It has been projected that the proposed $4.3 million spending plan will be offset by $1.7 million in revenues, leaving $2,537,564 to be raised and appropriated.
Last year, residents approved expenditures of $4 million, which were offset by $1.5 million in revenues, leaving $2,542,918 to be raised locally.
Although the budget has been prepared, town officials expect there will be more cuts made to reduce the plan.
“I anticipate it’s going to be reduced significantly,” Dexter Town Manager Robert Simpson said Monday. He noted that major increases were reflected in education, health premiums, property insurance, the county tax and parks and recreation.
Simpson said that during his budget preparations, he reduced programs to lower the expenditures as much as possible. For instance, the town’s auditor had recommended that the town purchase the automated motor vehicle registration program available through the state at a cost of $13,000. “We had to write that off,” he said.
Funding also has been reduced for a number of capital improvement projects, such as the purchase of a new firetruck and municipal building improvements. These reductions, however, should not affect the day-to-day operation of local government, he noted.
The Town Council will begin its first review of the proposed spending plan on May 17.
In other local news, the council last week voted to sign an emergency order to impose a temporary weight restriction of 32,000 pounds on Acadia Street. The move was made after town officials and residents learned that a large parcel of land had been sold on the street. The new owner, Wayne Washburn of Ripley, had planned to harvest the timber on the property and transport the logs over Acadia Street.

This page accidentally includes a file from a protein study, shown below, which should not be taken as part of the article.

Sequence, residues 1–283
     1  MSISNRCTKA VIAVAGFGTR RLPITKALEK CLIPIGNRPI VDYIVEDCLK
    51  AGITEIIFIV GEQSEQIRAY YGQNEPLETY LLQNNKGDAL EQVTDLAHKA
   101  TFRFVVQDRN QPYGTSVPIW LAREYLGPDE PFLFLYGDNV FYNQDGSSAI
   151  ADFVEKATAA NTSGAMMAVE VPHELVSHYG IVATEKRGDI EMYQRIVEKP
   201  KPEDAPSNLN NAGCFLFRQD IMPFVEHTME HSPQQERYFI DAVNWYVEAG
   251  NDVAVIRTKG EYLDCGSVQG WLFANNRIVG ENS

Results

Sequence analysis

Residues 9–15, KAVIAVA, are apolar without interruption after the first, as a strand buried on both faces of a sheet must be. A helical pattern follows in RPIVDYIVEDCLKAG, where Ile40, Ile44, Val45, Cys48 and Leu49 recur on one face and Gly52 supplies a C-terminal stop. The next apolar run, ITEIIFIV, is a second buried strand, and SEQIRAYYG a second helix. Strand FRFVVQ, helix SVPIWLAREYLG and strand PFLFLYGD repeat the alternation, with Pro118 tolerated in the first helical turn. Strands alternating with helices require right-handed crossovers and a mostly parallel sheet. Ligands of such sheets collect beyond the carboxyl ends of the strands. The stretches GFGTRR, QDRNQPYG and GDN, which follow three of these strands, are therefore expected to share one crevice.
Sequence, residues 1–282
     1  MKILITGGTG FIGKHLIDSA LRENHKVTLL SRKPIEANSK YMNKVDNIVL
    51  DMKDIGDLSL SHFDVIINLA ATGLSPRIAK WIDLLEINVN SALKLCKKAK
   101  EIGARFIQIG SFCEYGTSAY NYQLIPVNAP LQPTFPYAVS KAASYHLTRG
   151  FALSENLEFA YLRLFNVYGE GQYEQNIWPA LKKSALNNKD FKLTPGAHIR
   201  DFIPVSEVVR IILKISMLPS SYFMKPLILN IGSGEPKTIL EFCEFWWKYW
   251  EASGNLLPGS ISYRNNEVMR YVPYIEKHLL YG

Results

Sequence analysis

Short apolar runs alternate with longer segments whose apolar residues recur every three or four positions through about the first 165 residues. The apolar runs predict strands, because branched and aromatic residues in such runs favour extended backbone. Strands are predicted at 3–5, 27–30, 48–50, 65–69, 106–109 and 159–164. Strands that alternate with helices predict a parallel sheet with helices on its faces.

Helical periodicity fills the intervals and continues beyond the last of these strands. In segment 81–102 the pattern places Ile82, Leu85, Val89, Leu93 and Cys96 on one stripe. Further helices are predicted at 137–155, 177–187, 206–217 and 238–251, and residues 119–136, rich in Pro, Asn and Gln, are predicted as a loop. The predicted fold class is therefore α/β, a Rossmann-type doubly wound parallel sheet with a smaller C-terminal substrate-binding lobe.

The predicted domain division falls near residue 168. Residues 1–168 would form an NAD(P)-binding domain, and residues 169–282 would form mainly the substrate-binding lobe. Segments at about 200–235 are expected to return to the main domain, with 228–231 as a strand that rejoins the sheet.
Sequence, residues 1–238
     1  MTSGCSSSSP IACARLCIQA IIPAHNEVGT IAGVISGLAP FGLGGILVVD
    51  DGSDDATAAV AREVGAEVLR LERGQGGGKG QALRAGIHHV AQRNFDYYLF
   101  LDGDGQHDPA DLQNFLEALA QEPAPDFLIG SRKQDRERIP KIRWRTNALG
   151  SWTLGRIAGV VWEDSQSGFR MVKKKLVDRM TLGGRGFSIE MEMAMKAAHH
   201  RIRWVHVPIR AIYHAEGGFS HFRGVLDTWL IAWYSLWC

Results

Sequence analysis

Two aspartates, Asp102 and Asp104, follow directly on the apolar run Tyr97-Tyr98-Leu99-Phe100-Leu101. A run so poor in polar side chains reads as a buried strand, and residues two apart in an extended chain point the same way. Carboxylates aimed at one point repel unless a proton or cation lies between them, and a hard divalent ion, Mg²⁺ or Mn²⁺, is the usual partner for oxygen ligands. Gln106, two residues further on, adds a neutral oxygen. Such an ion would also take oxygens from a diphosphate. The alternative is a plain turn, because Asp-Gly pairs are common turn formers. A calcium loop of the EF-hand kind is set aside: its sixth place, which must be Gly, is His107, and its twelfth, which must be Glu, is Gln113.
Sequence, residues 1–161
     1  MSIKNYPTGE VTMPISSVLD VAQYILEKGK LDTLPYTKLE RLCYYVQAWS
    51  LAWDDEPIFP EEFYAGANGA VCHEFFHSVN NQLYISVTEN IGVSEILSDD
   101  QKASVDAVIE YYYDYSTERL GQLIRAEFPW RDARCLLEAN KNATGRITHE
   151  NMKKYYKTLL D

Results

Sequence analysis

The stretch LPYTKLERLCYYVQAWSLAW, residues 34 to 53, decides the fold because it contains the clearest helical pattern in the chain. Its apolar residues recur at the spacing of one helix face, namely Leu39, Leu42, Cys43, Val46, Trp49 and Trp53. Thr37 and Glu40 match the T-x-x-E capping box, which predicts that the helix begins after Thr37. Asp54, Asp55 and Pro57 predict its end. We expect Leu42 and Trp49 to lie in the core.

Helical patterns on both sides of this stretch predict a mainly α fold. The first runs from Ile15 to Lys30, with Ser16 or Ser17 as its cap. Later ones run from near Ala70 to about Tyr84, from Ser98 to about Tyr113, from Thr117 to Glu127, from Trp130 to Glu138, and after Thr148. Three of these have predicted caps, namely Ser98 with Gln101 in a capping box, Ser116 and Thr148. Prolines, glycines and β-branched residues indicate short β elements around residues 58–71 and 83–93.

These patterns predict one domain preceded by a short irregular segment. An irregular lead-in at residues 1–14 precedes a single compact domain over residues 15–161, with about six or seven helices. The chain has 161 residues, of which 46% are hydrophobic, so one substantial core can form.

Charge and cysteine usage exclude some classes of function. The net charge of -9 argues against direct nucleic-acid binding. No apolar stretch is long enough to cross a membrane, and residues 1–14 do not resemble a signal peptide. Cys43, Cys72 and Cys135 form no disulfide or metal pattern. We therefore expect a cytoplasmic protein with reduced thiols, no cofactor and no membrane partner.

There were at least three reasons that persuaded the board to impose the weight restriction. They included the fact that the street was not built for 100,000-pound vehicles; that the Department of Transportation planned to do some road reconstruction on Route 7 in the immediate area of Acadia Street which would cause some congestion; and because the water district also planned to replace water mains in connection with the road reconstruction.
Dexter’s replacement cannon will soon be on display.
The town’s former war cannon disappeared from the local reserve center and is believed to be on display at a military installation out of state. The military provided another cannon for the town, and the council last week approved a new location for it at the corner of Grove and Dam streets. The VFW and the local American Legion Post had suggested this location and offered to pay the cost of the materials for he concrete pad that will be installed this week by the public works department. The cannon will be placed on site on June 3, and a dedication will be held on July 4.
A pad previously had been installed at the recreation area at Lake Wassookeag in anticipation of the arrival of the cannon, but Simpson said this pad would be used for a covered picnic area instead.
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